To Surrender, Reaffirm or Redeem in Massachusetts Bankruptcy

When filing for personal bankruptcy in Massachusetts, many debtors have assets that a creditor has a security interest in; for example, a mortgage for a home or a lien on a vehicle.  The lender has the right to foreclose on a mortgage or seek return of the vehicle if the loan is not paid in a timely fashion.

What happens in a bankruptcy?  The law says that the debtor in bankruptcy has the right to either surrender the property, reaffirm the loan, or redeem the loan.

What Does Surrender in Bankruptcy Mean?

The debtor may not be able to make the payments, or even be interested or able to restructure the payments.  In such a case the law says that the debtor can “surrender” the property back to the lender.  In a Chapter 7 personal bankruptcy, the debtor need not make any payments on secured debt.  If the debtor intends to return, or “surrender” the asset, the debtor can simply do so by so notifying the lender in the bankruptcy filing and in writing.

If the property is real estate, the debtor simply vacates and returns the keys to the lending institution.  If the property is a motor vehicle, the debtor can make arrangements to return the vehicle to a location desired by the lender, or have the lender retrieve the vehicle.    The same is true for other secured property that is to be surrendered.

How Can a Debtor Reaffirm the Loan?

Many debtors in Chapter 7 personal bankruptcy in Massachusetts want to reaffirm their loan – they want to stay in their home or keep their vehicle.  Within certain parameters this will work, however, the debtor, and the creditor, must undertake the proper procedures.  The debtor must file a “Statement of Intention” with the Bankruptcy Court.

Second, a written “reaffirmation agreement” is required to make the reaffirmation permanent, that is, to override the bankruptcy.  Nevertheless, many creditors do not insist on the written reaffirmation and many debtor attorneys advise against signing a written reaffirmation.  Sometimes the paperwork is simply “neglected” prior to the discharge, all to the debtor’s advantage.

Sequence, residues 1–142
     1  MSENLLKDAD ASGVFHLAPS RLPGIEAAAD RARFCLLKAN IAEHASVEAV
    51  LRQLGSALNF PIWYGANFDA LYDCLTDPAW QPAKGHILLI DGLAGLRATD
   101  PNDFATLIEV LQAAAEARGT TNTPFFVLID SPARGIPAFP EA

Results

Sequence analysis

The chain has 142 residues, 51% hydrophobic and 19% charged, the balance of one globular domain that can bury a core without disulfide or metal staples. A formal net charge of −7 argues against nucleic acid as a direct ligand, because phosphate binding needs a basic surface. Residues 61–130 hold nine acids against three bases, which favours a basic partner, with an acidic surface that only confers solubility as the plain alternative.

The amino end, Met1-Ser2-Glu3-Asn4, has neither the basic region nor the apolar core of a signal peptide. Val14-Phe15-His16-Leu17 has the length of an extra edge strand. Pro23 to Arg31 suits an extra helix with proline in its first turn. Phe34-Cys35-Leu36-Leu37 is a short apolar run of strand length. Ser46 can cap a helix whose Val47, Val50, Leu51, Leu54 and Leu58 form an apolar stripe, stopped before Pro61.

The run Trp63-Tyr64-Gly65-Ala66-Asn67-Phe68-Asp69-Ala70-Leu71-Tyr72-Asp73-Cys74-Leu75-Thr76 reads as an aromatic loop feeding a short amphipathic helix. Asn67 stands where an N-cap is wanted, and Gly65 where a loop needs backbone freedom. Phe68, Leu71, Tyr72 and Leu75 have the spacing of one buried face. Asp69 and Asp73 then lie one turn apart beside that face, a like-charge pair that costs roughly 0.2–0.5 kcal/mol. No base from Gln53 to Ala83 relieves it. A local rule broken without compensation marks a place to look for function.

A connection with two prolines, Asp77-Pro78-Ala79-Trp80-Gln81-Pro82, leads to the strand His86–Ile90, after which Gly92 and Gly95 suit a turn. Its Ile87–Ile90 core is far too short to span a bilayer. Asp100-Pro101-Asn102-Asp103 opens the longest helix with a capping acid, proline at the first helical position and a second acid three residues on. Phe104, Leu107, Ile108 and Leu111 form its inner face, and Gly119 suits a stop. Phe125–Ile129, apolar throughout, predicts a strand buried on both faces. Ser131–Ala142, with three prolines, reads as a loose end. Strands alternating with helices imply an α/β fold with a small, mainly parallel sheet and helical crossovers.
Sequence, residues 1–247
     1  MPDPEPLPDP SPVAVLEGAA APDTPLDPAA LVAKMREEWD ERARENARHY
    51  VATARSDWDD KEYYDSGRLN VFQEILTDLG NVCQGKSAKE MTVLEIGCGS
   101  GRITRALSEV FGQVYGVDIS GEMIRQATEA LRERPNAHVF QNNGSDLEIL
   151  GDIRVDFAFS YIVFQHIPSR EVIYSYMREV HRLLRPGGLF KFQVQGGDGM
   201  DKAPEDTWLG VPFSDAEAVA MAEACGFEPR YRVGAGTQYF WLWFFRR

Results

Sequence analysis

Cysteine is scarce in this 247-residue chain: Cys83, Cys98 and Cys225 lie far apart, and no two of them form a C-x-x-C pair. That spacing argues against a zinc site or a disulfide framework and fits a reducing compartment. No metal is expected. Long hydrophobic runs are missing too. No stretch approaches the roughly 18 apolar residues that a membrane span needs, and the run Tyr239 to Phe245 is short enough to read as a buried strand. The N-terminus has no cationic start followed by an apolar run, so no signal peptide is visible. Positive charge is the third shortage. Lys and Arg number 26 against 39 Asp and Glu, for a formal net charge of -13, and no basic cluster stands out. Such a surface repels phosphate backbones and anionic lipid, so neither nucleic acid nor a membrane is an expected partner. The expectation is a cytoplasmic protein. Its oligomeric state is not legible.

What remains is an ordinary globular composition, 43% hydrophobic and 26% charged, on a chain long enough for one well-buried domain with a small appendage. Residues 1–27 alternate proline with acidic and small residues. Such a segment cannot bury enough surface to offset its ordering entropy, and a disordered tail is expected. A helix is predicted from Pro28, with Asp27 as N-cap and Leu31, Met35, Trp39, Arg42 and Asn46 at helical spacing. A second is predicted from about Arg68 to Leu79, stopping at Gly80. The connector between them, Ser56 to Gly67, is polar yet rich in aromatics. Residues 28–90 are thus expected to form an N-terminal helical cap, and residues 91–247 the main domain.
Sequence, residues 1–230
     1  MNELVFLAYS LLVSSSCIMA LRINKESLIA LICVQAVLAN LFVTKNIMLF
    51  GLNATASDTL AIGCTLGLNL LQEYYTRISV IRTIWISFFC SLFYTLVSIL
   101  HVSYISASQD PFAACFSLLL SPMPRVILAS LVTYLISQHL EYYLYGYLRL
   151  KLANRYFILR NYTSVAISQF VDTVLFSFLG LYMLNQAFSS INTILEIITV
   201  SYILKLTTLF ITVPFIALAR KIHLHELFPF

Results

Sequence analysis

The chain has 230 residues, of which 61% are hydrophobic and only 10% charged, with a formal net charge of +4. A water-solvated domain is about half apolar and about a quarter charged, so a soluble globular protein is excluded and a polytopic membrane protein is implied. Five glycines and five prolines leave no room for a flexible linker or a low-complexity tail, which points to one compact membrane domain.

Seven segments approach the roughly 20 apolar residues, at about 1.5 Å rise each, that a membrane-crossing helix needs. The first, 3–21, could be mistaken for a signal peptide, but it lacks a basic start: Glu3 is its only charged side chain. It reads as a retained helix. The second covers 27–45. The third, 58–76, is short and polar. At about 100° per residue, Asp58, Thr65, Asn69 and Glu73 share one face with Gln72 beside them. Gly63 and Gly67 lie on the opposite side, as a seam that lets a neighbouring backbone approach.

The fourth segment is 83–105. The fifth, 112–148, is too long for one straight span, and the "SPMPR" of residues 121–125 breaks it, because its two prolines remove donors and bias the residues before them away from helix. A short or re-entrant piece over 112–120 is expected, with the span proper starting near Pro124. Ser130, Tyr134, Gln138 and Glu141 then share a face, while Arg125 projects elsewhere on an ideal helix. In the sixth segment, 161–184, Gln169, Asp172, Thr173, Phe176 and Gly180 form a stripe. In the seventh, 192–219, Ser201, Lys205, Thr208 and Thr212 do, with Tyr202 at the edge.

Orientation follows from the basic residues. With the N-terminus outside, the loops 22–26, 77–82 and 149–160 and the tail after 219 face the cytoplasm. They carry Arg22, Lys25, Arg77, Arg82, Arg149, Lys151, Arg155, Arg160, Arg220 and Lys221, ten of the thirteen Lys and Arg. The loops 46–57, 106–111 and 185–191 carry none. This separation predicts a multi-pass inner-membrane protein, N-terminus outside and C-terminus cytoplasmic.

What are the consequences of getting a discharge without a written reaffirmation?  In this “ride through” scenario the situation is quite beneficial to the debtor.  While the creditor can always foreclose on the asset, the creditor cannot collect on any deficiency and foreclosure may be more difficult as the creditor will need state court (not Bankruptcy Court) approval.

Debtors Redeeming Property in Bankruptcy

Another avenue afforded by the Bankruptcy Code is to “redeem” the subject property.  To redeem is to buy back the collateral, such as paying the lender the market value for a vehicle.  Debtors are advised to be careful in redemption because the assets used to redeem may disqualify a debtor for bankruptcy.  However, if the debt is significantly over the market value, this can be a useful tool.

Bankruptcy Planning in Protecting Assets

As every careful bankruptcy practitioner knows, pre bankruptcy planning is the key to a successful bankruptcy for the client.  Bankruptcy clients are offered a “fresh start” by the Bankruptcy laws, which are very effective laws for folks in significant debt that they cant repay.

Careful planning on what to do with important assets that have liens on them can make all the difference.  Work with your bankruptcy attorney to determine if surrender, reaffirmation or redemption is the right path for you.

Finally, if you are reaffirming a debt, work even more closely with your attorney as the creditor may not require a reaffirmation agreement prior to discharge, giving you some additional rights and avenues following bankruptcy.

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